Like a Mighty Stream

Wednesday, February 18, 2009

Today is the end of week seven, so it's time to do the end of the week count:

PAGES - 1,856

PAGES - 13,188 (that number kind of surprises me because it really doesn't feel like I've read that many pages).

And the winner is . . . Like a Mighty Stream.

Thank you to everyone who voted - and for those who haven't voted yet, you can still vote on the book for the 19th (until midnight tonight) and on the book for the 20th.

Today's book was a short one, so I had hoped to get this entry up earlier in the day, but I had a ton of other things that I had to fit into my schedule in between reading. I am really looking forward to the end of this week when I will be done with the extra work I have to do, and I will finally have a chance to catch up on some things. The first thing that's on my list is catching up on reading other people's blogs. I follow about 20 different blogs, but I just haven't had time lately to read any of them or leave comments - but I am going to correct that situation this weekend.

Here's the description from the back of the book; "Like a Mighty Stream tells the stories behind the landmark August 1963 march - the precipitating events, the emergence of leaders such as A. Philip Randolph, Roy Wilkins and John Lewis; the unheralded contributions of the women; and the personal experiences that drew so many there that day."

I'm having a bit of trouble writing tonight's blog entry because this book made me feel very emotional. There are some things that are hard to put into words - but I'm going to try and ramble my way through this entry anyway.

My favorite excerpt from the book was a memory from John Marshall Kilimanjaro, who describe what happened when the bus he was traveling to Washington on stopped at a rest stop in Virginia: "There as no one at the rest stop. We walked around a bit to stretch and saw this big mound of earth - it seemed as if there was some construction or building going on. Several of us decided to climb to the top of the mound, the sun was slowly rising, and as we looked out, all we saw were buses, coming from the north, east, west, and south. And we knew it was our people. We burst into applause." - Kilimanjaro goes on to explain that their biggest fear had been that the March would be a bust, and that after seeing all the buses coming they set out with new attitude. I'm a completely sappy person, the kind who cries during commercials (in my defense Heinz used to air a really good ketchup commercial about World War 2, and Hallmark had a great one about adoption) - and so it's no surprise that this particular passage got me all choked up. Something about the image of them standing on that mound watching the buses come in made me cry. If you're not as sappy as I am you might be able to get through the whole book without getting choked up, but I think you will still find it very moving - and if you don't, then all I have to say to you is: grow a heart Tin Man (just kidding).

This book was piqued my interest to the point where I was making a list, while reading, of all the people discussed that I want to know more about - I thinkthat's always a good sign, when a book is interesting enough that it becomes a jumping off point for learning more about a particular subject. I've made a list of biographies that I want to check out, and I'm going to try to read some of them throughout the rest of this year (since I think it's totally unfair that there is only one month of the year set aside for learning about black history).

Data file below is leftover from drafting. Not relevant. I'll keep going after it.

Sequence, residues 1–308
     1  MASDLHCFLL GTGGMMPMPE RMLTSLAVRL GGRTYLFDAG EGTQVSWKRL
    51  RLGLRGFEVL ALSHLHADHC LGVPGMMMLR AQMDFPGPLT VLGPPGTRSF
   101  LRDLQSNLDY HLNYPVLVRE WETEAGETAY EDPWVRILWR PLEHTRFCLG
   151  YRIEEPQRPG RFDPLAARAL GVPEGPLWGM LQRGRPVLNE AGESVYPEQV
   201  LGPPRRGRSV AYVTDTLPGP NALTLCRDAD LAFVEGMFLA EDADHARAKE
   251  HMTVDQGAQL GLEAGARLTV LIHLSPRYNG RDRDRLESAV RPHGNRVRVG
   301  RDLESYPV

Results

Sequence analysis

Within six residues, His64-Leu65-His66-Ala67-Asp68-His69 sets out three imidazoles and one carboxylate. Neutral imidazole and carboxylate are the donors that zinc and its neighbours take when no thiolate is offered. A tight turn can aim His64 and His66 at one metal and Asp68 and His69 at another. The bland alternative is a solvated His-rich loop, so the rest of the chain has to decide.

And now I'd like to do a special salute to sandwiches and the people who made them (stay with me here dear readers, I'm going somewhere with this one) - The morning before the March, more than 300 volunteers gathered at the Riverside Church in New York City, to assemble more than 80,000 cheese sandwiches which were packed into a lurch along with cake and an apple (the cake and apple part is totally irrelevant to the story, but I just felt like throwing that in anyway). The lunches where then transported to Washington on a refrigerated truck. That story may seem trivial, and pointless, but I was struck by how those who weren't able to help out on the front lines of the March were still able to contribute in their own way - a way that may not seem as important as some of the other roles played that day, but a way that was instrumental in those who marched being able to get through the day. So that's my deep moment for the day - that even if you can't do dramatic newsworthy things every day to change the world, there are still small things you can do to contribute. Okay, sorry for the mini-lecture, I do hate to get preachy dear readers.

After I finished reading the book I went to youtube and found a video of a newscast about the March that aired in 1963. Here's the link:
As soon as I'm finished with my busy, work-related schedule I'm going to figure out how to embed videos on the blog, but for now the link is going to have to suffice.

I promise dear readers, that after two days of serious books and entries that the next few days are going to be fun and lighthearted - I don't want things to get too heavy around here. So join me tomorrow for some shallow thoughts on whatever book wins the "What Will Angie Read Today" contest.